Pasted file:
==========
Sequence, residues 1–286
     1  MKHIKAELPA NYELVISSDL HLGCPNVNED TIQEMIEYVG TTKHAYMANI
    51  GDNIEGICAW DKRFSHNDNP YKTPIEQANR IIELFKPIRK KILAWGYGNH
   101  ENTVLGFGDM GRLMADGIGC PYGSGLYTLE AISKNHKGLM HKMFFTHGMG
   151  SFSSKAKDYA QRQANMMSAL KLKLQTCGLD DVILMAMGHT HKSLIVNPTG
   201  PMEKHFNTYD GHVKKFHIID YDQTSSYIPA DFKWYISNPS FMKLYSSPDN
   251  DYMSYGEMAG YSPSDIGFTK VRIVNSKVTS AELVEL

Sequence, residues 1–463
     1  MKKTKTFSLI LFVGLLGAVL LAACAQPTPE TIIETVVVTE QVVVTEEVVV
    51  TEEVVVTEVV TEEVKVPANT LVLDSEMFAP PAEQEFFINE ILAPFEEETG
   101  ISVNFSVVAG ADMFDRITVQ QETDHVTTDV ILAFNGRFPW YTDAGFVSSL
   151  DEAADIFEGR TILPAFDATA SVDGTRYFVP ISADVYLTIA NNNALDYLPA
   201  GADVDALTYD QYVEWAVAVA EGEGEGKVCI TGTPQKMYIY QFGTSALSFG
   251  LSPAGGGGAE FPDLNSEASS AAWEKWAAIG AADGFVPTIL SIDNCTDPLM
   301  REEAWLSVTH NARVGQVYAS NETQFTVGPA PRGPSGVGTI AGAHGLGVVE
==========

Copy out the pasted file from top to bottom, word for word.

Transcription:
Sequence, residues 1–286
     1  MKHIKAELPA NYELVISSDL HLGCPNVNED TIQEMIEYVG TTKHAYMANI
    51  GDNIEGICAW DKRFSHNDNP YKTPIEQANR IIELFKPIRK KILAWGYGNH
   101  ENTVLGFGDM GRLMADGIGC PYGSGLYTLE AISKNHKGLM HKMFFTHGMG
   151  SFSSKAKDYA QRQANMMSAL KLKLQTCGLD DVILMAMGHT HKSLIVNPTG
   201  PMEKHFNTYD GHVKKFHIID YDQTSSYIPA DFKWYISNPS FMKLYSSPDN
   251  DYMSYGEMAG YSPSDIGFTK VRIVNSKVTS AELVEL

Sequence, residues 1–463
     1  MKKTKTFSLI LFVGLLGAVL LAACAQPTPE TIIETVVVTE QVVVTEEVVV
    51  TEEVVVTEVV TEEVKVPANT LVLDSEMFAP PAEQEFFINE ILAPFEEETG
   101  ISVNFSVVAG ADMFDRITVQ QETDHVTTDV ILAFNGRFPW YTDAGFVSSL
   151  DEAADIFEGR TILPAFDATA SVDGTRYFVP ISADVYLTIA NNNALDYLPA
   201  GADVDALTYD QYVEWAVAVA EGEGEGKVCI TGTPQKMYIY QFGTSALSFG
   251  LSPAGGGGAE FPDLNSEASS AAWEKWAAIG AADGFVPTIL SIDNCTDPLM
   301  REEAWLSVTH NARVGQVYAS NETQFTVGPA PRGPSGVGTI AGAHGLGVVE